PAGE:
Eighteenth Sunday after Pentecost
The Disciples are in a bit of a crisis. Last week they thought they had things right. They had been sitting at the feet of Jesus for three years. They had seen what he had done, what he is capable of doing, and had seen him heal and feed thousands - maybe tens of thousands – of people. And last week Peter culminates it all by saying, “You are the son of God; you are the Messiah.” But Jesus then informs them that he is going to be handed over into the hands of men, will be killed, and on the third day he will rise again. Suddenly, everything falls to pieces for the 12 and they really don’t get their feet back under them again until sometime after the resurrection. They cannot get their heads around what Jesus is saying to them; they simply don’t have the foundational experiences. The disciples love Jesus but do they trust him enough to follow him wherever he might lead them? Now the disciples will learn what discipleship is really about: not only love but also trust.
But who can blame the disciples for not understanding Jesus. What Jesus is saying is intensely difficult and confusing and they don’t have any frame of experience on which to base Jesus’ talk about death and resurrection. Post- resurrection the disciples will, finally, gain the full measure of who Jesus is and what his love for them actually means. God‘s love through Christ actually means all things are possible through Christ who saves. All things are possible because of God’s for us.
I have an image, when I read Psalm 1, particularly verse three, which says the righteous “… are like trees planted by streams of water, bearing fruit in due season, with leaves that do not wither; everything they do shall prosper.” When I close my eyes and say Psalm 1:3 over and over I see a tree standing near a riverbank and it’s hundreds, maybe thousands of years old. I remember hearing somewhere – don’t know if this is true or not - but the root system of the tree is roughly the depth or length of the tree that we see above the surface of the ground. And I love this image of the strong roots of our tree extending out and down, gathering all the nutrients from the moisture of the ground, all it needs to live from this soil fed by the water nearby and the sun doing the rest … and the tree will bear fruit and will possess this great strength because of what nourishes it, primarily from underneath, unseen by the human eye.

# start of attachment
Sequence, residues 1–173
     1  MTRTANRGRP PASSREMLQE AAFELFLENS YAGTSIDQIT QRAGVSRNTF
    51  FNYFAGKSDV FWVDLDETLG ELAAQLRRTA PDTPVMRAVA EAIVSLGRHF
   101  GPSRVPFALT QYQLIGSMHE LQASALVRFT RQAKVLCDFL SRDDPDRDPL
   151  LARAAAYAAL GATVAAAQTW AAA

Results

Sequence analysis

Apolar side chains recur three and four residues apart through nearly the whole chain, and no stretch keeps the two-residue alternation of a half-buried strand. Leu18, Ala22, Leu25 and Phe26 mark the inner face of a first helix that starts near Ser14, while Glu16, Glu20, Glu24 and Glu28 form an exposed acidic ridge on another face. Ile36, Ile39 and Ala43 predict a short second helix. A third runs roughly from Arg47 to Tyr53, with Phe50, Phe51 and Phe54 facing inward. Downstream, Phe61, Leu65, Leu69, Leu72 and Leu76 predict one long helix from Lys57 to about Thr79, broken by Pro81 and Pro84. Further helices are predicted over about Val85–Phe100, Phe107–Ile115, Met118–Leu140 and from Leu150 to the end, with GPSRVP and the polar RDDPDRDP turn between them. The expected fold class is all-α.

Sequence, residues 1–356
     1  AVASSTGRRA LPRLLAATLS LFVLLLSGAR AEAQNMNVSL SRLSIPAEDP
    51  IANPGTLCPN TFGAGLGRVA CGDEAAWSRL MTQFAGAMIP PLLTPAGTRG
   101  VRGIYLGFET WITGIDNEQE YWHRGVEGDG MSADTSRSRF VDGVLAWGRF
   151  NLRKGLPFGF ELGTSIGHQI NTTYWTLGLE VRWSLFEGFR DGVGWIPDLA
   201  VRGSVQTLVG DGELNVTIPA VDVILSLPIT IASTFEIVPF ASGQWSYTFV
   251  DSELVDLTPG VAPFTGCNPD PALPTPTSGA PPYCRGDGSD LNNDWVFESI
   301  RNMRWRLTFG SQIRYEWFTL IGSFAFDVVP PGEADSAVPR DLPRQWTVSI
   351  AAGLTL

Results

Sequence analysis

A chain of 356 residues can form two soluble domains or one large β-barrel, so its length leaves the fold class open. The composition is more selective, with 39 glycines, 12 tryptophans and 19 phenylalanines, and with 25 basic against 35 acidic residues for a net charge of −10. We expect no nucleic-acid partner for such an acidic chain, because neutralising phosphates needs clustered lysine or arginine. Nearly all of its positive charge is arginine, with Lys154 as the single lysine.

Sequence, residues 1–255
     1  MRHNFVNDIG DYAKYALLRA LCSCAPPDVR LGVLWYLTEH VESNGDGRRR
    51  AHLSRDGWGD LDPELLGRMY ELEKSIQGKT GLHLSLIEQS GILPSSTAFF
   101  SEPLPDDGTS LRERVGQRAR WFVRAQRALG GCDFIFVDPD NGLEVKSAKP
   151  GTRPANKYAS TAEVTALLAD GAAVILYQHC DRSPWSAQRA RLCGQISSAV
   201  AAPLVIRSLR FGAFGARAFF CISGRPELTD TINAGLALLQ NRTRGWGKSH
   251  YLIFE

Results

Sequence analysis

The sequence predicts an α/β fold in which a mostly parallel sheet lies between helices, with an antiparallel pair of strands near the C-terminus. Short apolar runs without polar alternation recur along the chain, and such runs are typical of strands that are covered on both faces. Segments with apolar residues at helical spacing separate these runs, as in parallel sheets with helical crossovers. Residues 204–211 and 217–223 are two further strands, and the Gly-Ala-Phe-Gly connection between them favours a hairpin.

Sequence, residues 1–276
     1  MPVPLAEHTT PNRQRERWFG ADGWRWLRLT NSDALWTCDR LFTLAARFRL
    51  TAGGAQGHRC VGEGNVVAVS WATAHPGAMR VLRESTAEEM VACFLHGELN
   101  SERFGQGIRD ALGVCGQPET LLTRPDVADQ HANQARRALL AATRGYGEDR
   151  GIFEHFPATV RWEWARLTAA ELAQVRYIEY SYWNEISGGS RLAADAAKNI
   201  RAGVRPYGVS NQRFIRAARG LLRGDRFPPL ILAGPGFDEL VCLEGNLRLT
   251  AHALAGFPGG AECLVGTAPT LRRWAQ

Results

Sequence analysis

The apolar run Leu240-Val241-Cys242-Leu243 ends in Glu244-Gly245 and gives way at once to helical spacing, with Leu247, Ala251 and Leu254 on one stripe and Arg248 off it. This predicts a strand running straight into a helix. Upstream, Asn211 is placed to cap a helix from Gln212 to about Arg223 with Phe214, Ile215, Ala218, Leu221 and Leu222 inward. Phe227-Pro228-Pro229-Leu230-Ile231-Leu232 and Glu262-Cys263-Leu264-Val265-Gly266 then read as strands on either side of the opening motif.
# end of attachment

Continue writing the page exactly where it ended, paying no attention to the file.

The tree standing by the streams of water is a truly strong metaphor for the Christian life. Our experiences, like the roots of the tree, our learning and our life with God - remember what we were talking about last week about wisdom – create a reality of who God is to us. God calls us to experience His unparalleled, overwhelming, and overflowing love for us, because then we begin to trust and hope in that love. It is through our understanding that we are unconditionally and completely loved by God – because we are his children, because we are creatures of God - that we gain the trust that we need to follow Christ wherever He may lead us.
Last week, Tracey and I watched the documentary film, Won’t You Be My Neighbor. The film highlights that life of the Rev. Fred Rogers who created Mr. Roger’s Neighborhood on PBS. But, for me, the film is ultimately about the ministry of Fred Rogers in the world. He would become an ordained Presbyterian minister but before he went to seminary he played music and helped develop a very simple children’s program for a television station in Pittsburgh.